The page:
The vitality of thought is in adventure. Idea's won't keep. Something must be done about them. When the idea is new, its custodians have fervour, live for it, and, if need be, die for it. Their inheritors receive the idea, perhaps now strong and successful, but without inheriting the fervour; so the idea settles down to a comfortable middle age, turns senile, and dies.
— Alfred North Whitehead
In Alfred North Whitehead and Lucien Price (ed.), Dialogues of Alfred North Whitehead (1954, 1977), 100.
Science quotes on:  |  Adventure (19)  |  Comfortable (2)  |  Custodian (2)  |  Die (5)  |  Do (19)  |  Idea (226)  |  Inherit (2)  |  Keep (9)  |  Live (14)  |  Middle Age (5)  |  Settle (4)  |  Strong (8)  |  Successful (5)  |  Thought (170)  |  Vitality (7)

The way in which the persecution of Galileo has been remembered is a tribute to the quiet commencement of the most intimate change in outlook which the human race had yet encountered. Since a babe was born in a manger, it may be doubted whether so great a thing has happened with so little stir
— Alfred North Whitehead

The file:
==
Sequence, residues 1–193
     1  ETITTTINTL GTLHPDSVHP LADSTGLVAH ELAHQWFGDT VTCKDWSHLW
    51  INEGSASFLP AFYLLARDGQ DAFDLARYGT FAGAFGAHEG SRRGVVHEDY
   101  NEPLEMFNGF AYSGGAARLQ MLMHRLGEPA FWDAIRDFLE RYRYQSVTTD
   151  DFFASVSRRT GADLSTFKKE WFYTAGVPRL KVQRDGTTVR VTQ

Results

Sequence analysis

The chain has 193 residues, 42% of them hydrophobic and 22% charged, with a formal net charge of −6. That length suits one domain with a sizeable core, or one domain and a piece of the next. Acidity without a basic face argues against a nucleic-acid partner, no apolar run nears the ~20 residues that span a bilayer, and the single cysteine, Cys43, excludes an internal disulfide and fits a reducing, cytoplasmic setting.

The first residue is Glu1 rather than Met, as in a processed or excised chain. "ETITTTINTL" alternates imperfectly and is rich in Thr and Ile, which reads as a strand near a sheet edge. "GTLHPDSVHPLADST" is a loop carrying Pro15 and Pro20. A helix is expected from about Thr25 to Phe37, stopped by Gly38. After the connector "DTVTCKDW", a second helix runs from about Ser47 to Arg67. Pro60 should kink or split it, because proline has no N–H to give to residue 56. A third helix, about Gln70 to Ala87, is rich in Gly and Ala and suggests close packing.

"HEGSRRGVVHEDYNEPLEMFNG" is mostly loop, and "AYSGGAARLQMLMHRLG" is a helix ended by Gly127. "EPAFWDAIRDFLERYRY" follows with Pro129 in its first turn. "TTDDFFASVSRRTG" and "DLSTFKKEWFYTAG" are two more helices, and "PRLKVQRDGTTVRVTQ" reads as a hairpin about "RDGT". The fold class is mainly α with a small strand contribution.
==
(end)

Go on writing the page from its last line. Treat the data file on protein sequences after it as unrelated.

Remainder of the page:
In Science and the Modern World (1925), 2.
Science quotes on:  |  Baby (6)  |  Birth (47)  |  Change (133)  |  Commencement (3)  |  Encounter (7)  |  Galileo Galilei (64)  |  Great (62)  |  Human Race (29)  |  Intimate (4)  |  Outlook (8)  |  Persecution (5)  |  Quiet (3)  |  Remember (19)  |  Stir (5)  |  Tribute (3)

There is a tradition of opposition between adherents of induction and of deduction. In my view it would be just as sensible for the two ends of a worm to quarrel.
— Alfred North Whitehead
From address to the Mathematical and Physical Science Section of the British Association, Newcastle-on-Tyne (1916). In The Chemical News and Journal of Physical Science (22 Sep 1916), 142.114, No. 2965,
Science quotes on:  |  Adherent (2)  |  Deduction (39)  |  End (51)  |  Induction (22)  |  Opposition (22)  |  Quarrel (6)  |  Sensible (11)  |  Tradition (17)  |  Worm (12)

To come very near to a true theory, and to grasp its precise application, are two different things, as the history of science teaches us. Everything of importance has been said before by someone who did not discover it.
— Alfred North Whitehead
In The Interpretation of Science: Selected Essays (1961), 33.
Science quotes on:  |  Application (72)  |  Discovery (360)  |  Everything (38)  |  History Of Science (34)  |  Importance (106)  |  Someone (4)  |  Theory (353)  |  Truth (450)